Cover Crops

Protect Your Soil Between Growing Seasons

Cover crops are planted between cash crop seasons primarily for the benefit of the soil rather than the crop yield. Cover crops are proven to prevent erosion, improve soil structure, increase organic matter, suppress weeds, increase moisture and nutrients in the soil, and more. MKC has formulated both fall and summer mixes that provide numerous management options. Contact one of our strategic account managers or your nearest MKC location to learn more!

Cover Crop Seed To Meet Your Needs

Planting a cover crop is a farming practice that can provide multiple benefits to your farm. MKC's mixes are formulated to equip growers with a variety of management options. Whether you are looking to reduce your herbicide passes, graze cattle or simply protect the soil, MKC has a cover crop mix to meet your needs. 

MKC has formulated three summer cover crop mixes using a variety of warm season grasses and legumes to provide ground cover, break compaction and serve as an additional feed source. The fall cover crop mixes have rates of radishes and turnips in addition to the key cereal grains. These mixes are formulated to break compaction, scavenge nutrients and offer additional grazing.

MKC Summer Mix Options


MKC Summer Mix
Drought tolerant and rapid tillering warm season grasses provide quick ground cover and quality forage for feed. Fibrous roots produce a lot of below-ground root biomass that can break compaction layers. 


MKC Summer Mix (BMR Sudan)
All the same benefits of the MKC Summer Mix, but with added palatability and feed quality. The BMR trait allows it to keep its quality longer into the season by reducing lignin content.


MKC Legume Mix
This mix has legumes for nitrogen production and sunflowers and brassicas to break compaction. It could be planted to make nitrogen between wheat crops or for next year's corn crop.

MKC Fall Mix Options


Cover Crop After Corn
The major component of this mix is rye, which will provide good canopy and weed suppression with manageable residue. While the rye will have some fall growth, most growth will take place in the spring.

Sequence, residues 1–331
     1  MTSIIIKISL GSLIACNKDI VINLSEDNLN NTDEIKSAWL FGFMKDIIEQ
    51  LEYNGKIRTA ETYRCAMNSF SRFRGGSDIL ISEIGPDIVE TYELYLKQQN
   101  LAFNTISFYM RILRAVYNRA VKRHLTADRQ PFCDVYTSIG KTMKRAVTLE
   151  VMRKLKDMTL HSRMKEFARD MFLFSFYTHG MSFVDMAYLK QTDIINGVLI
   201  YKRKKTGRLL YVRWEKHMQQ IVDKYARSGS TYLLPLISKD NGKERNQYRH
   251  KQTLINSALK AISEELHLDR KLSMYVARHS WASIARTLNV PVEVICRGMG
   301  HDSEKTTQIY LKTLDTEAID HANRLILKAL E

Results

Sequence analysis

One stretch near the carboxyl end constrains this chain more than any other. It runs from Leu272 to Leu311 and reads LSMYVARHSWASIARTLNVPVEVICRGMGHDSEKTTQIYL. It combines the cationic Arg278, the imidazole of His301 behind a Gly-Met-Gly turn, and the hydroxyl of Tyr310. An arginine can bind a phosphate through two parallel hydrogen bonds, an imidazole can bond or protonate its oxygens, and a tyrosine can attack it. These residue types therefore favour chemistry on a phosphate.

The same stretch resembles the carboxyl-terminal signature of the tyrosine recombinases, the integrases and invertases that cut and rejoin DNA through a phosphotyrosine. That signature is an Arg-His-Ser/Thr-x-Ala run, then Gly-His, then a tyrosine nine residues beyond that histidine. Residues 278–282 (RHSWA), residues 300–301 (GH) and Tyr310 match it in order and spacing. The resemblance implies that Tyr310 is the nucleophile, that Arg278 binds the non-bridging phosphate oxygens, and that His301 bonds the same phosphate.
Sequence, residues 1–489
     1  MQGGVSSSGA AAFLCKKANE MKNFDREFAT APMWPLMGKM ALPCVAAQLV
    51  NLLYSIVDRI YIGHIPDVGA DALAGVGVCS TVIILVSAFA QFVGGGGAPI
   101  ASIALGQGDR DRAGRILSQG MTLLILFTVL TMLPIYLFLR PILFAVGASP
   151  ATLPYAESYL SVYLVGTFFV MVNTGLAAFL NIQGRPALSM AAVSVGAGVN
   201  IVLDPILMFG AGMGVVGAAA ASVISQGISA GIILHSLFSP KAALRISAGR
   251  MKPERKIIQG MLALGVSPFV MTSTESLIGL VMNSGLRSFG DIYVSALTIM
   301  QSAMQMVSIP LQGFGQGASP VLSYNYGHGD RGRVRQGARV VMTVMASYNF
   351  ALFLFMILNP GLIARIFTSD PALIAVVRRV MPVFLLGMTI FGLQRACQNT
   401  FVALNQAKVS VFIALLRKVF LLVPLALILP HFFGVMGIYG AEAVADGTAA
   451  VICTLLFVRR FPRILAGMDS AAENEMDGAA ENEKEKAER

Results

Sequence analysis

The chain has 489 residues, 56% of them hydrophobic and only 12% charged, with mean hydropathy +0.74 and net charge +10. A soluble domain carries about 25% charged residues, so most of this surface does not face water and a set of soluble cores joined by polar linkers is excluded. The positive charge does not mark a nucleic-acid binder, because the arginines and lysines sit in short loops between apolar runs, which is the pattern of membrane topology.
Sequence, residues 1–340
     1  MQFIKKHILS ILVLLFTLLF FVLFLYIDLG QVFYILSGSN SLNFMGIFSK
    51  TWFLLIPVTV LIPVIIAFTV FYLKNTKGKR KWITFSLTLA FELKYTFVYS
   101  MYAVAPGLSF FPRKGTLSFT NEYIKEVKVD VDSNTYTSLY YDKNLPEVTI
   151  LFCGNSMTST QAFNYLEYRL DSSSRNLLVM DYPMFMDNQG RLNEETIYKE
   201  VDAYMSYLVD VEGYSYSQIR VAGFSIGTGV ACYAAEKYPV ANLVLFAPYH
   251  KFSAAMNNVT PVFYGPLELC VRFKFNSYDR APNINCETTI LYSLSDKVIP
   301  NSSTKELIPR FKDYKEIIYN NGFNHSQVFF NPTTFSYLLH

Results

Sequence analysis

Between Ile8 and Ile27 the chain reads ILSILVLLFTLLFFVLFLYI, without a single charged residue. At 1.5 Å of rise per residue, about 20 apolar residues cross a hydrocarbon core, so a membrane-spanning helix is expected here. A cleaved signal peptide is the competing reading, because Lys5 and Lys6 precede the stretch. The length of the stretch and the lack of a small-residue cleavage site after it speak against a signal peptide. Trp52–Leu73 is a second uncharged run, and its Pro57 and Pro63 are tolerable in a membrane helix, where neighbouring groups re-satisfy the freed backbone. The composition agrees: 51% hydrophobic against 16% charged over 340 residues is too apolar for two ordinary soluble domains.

Fall or Spring Grazing Mix
This mix is 50% rye and 50% triticale. Rye will green up first in the spring, followed by triticale a couple weeks later. This will help offer a longer grazing season in the spring.


Winter Kill Mix
Oats are the key ingredient in this mix. Combined with turnips and radishes, this mix can break compaction, scavenge nutrients and offer additional grazing. All components will winter kill.

State-of-the-art Cover Crop Machine

Completed in September 2018, the three-bin facility with blending capabilities has all base ingredients for cover crop needs for producers. Located in Groveland, the cover crop plant has capabilities to custom mix to create a combination to fit an individual producers’ needs. Cover crop mixes are blended into bulk bags or tender trucks.

The cover crop market has been growing and is an area MKC wants to meet the needs of our farmers and help educate them about the value of cover crops. The MKC cover crop facility is an opportunity to provide cover crop seed and blends to customers across our entire footprint. We source in different seed, make the blend and source directly to the grower.

Cover Crop In the Field Minute Reports

Additional Resources

Cover Crops Help Stabilize the Future of Farmland

Cover crops continue to gain popularity as a way to improve farm ground. The regenerative agriculture movement is quickly showing an impact on the way they can improve soil structure and keep nutrients in place. This article highlights the considerations when choosing a cover crop mix and the benefits each mix brings to the field.

Some Cover Crops Are Better Choices Than Others

Cover crops can increase soil nutrients, reduce soil erosion, and suppress weeds. For cattle producers, cover crops also provide an additional source of feed. MKC Strategic Account Manager Chris Thompson talks cover crop management practices in this Hillsboro Star Journal article.

Covering Their Bases

"It was different than anything we’ve done before. We were planting into green stuff this tall,” Justin Regehr says, raising his hand level to his brow as he sat upright in his chair. Originally published in our Connections newsletter, this article tells the story of Inman farmers Justin and Royce Regehr's success with cover crops on their operation.